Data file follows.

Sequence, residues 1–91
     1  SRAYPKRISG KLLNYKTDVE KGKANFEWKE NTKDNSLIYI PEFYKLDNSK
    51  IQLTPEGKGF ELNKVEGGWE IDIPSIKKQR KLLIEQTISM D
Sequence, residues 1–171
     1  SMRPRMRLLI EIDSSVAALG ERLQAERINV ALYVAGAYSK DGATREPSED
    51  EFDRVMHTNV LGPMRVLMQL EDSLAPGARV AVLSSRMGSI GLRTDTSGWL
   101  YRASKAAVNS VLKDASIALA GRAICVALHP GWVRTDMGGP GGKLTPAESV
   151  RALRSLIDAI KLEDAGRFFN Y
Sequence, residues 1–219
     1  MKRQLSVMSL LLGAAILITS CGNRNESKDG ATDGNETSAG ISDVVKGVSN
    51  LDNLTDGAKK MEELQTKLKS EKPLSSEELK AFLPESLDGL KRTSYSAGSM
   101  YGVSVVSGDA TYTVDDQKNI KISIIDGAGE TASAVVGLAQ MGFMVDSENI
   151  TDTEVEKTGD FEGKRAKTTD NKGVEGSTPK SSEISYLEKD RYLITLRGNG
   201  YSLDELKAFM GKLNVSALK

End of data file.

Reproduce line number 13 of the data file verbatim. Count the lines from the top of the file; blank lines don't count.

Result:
   151  TDTEVEKTGD FEGKRAKTTD NKGVEGSTPK SSEISYLEKD RYLITLRGNG